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Relationships Between Rapid Isometric Torque Characteristics and Vertical Jump Performance in Division I Collegiate American Football Players: Influence of Body Mass Normalization

Thompson, Brennan J.1; Ryan, Eric D.2; Sobolewski, Eric J.2; Smith, Doug B.1; Akehi, Kazuma1; Conchola, Eric C.1; Buckminster, Tyler3

The Journal of Strength & Conditioning Research: October 2013 - Volume 27 - Issue 10 - p 2737–2742
doi: 10.1519/JSC.0b013e318281637b
Original Research

Thompson, BJ, Ryan, ED, Sobolewski, EJ, Smith, DB, Akehi, K, Conchola, EC, and Buckminster, T. Relationships between rapid isometric torque characteristics and vertical jump performance in division I collegiate American football players: Influence of body mass normalization. J Strength Cond Res 27(10): 2737–2742, 2013—The purpose of the present study was to examine the relationships between absolute and body mass–normalized rapid isometric torque variables and vertical jump (VJ) performance of the leg extensors and flexors in elite National Collegiate Athletic Association Division I Football Bowl Subdivision collegiate American football players. Thirty-one players performed isometric maximal voluntary contractions of the leg extensor and flexor muscle groups and a countermovement VJ. Rate of torque development (RTD) and the contractile impulse (IMPULSE) were determined from 0 to 30, 0 to 50, 0 to 100, and 0 to 200 milliseconds from the onset of muscular contraction. The relationships between absolute and normalized rapid torque variables and VJ performance were assessed using correlation coefficients (r). There were no significant correlations (p > 0.05) observed between the absolute rapid torque variables and VJ performance, except for leg flexion RTD at 0–200 milliseconds (p = 0.024). All normalized rapid torque variables of the leg extensors and flexors were significantly correlated to VJ performance (p ≤ 0.001–0.026). These findings indicated that normalizing rapid torque variables to body mass improves the relationships between isometric rapid torque variables and VJ performance and normalized leg extension and flexion are both similarly related to VJ performance. Strength and conditioning professionals may use these findings in an attempt to identify and monitor dynamic sport performance. Furthermore, future studies examining the relationship between dynamic on the field performances and laboratory-based isometric strength testing may consider including normalized rapid torque variables.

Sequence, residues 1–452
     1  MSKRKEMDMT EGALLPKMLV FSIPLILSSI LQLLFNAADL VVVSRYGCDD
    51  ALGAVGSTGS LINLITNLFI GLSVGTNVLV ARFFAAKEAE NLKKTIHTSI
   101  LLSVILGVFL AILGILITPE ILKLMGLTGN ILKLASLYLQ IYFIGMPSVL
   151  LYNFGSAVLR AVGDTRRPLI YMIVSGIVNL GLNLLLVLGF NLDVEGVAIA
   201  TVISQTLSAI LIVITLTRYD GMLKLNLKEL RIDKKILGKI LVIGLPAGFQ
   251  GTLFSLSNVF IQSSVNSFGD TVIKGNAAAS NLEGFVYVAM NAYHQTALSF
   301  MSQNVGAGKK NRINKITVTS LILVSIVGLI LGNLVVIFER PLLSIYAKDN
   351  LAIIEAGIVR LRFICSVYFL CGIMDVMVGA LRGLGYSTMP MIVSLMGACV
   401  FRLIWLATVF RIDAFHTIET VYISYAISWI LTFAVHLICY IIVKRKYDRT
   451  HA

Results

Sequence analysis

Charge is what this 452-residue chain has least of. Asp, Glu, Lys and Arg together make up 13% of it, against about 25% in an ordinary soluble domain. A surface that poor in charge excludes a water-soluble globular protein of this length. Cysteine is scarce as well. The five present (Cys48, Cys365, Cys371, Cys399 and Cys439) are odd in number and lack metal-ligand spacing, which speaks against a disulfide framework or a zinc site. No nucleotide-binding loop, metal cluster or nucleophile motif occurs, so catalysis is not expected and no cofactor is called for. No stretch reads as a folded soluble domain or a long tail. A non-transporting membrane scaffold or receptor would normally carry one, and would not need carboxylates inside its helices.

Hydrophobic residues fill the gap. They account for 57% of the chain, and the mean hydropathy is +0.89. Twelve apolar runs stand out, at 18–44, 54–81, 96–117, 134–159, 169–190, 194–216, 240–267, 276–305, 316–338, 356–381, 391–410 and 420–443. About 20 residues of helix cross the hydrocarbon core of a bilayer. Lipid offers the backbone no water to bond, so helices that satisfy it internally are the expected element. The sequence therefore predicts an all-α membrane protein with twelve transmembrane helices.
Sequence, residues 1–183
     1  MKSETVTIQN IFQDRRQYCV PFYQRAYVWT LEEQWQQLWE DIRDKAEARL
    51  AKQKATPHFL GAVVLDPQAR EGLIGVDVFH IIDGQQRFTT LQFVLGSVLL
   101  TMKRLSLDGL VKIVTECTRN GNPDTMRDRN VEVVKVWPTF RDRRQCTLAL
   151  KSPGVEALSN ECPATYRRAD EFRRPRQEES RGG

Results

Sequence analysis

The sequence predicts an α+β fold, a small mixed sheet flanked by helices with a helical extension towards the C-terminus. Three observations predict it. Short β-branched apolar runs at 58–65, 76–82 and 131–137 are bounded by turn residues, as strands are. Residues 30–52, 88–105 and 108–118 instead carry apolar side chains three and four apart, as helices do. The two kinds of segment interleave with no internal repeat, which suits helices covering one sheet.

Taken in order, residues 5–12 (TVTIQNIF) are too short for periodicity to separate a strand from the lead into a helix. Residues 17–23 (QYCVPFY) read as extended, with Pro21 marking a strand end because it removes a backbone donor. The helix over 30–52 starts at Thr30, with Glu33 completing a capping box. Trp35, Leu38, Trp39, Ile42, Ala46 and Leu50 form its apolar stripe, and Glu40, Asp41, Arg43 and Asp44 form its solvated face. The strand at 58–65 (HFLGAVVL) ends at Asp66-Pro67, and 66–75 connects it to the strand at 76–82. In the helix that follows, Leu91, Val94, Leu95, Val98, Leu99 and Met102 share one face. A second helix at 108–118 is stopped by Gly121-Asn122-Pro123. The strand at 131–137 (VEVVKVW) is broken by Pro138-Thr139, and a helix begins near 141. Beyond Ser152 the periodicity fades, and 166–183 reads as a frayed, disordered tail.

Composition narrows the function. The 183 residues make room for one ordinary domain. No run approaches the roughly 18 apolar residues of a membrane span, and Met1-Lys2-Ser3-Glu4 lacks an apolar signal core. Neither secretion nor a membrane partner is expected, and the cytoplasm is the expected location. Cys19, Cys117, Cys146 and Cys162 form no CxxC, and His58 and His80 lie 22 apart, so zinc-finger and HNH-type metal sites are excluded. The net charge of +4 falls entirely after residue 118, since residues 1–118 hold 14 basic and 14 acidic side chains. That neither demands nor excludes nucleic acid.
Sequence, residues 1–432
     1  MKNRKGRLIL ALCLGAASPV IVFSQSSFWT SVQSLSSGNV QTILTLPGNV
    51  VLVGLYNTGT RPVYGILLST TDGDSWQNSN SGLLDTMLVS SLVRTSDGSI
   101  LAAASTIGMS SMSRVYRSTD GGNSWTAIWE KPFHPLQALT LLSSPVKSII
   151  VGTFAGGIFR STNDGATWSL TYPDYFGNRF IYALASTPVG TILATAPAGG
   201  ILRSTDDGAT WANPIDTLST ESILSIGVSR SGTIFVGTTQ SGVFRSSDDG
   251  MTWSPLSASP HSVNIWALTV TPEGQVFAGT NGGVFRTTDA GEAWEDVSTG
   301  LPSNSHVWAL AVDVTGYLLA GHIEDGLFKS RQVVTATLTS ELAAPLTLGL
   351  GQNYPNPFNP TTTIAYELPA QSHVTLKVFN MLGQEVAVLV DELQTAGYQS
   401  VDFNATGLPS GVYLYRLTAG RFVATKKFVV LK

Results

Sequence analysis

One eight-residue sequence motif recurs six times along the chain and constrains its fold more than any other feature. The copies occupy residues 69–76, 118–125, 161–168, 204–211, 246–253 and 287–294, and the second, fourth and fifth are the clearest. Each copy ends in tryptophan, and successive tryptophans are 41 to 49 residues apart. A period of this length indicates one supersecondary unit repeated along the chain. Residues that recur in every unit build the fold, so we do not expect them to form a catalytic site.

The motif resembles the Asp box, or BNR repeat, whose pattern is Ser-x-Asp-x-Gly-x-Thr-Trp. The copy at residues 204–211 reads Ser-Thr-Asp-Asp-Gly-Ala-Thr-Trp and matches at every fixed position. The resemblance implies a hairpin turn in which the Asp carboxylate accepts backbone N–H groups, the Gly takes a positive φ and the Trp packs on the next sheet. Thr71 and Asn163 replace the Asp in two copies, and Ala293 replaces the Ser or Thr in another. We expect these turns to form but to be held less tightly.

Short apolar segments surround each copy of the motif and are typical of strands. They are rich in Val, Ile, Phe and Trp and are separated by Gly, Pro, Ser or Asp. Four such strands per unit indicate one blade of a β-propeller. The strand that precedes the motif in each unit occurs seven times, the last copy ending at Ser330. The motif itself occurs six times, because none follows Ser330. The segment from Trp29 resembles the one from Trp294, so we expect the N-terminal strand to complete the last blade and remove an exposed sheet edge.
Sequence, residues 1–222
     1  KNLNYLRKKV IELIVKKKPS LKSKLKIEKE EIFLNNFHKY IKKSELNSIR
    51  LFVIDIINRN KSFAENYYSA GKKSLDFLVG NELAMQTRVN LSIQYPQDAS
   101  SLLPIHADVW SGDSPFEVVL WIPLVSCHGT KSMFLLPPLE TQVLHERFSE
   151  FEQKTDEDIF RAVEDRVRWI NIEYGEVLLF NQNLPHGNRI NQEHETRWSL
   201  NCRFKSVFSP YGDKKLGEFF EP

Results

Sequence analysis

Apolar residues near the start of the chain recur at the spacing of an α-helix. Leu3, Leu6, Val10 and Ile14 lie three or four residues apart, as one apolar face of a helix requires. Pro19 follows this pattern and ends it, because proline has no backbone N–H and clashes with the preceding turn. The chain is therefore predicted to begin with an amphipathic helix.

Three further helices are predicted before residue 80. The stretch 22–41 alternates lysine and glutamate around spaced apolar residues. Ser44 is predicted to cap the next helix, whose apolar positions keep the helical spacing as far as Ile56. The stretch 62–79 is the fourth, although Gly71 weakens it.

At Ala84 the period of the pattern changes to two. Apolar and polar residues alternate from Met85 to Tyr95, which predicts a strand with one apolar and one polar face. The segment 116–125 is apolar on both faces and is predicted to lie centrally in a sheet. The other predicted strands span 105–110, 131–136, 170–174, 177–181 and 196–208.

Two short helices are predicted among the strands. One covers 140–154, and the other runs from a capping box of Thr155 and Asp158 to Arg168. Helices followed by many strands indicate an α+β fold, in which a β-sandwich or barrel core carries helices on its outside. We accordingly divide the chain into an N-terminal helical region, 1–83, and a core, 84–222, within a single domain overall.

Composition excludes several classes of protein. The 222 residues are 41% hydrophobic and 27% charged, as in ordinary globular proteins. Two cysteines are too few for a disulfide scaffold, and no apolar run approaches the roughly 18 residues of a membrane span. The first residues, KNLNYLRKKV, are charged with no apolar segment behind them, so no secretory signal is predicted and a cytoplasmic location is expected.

1Applied Musculoskeletal and Human Physiology Laboratory, Department of Health and Human Performance, Oklahoma State University, Stillwater, Oklahoma

2Neuromuscular Research Laboratory, Department of Exercise and Sport Science, University of North Carolina–Chapel Hill, Chapel Hill, North Carolina

3Department of Athletics, Oklahoma State University, Stillwater, Oklahoma

Address correspondence to Dr. Eric D. Ryan,

Copyright © 2013 by the National Strength & Conditioning Association.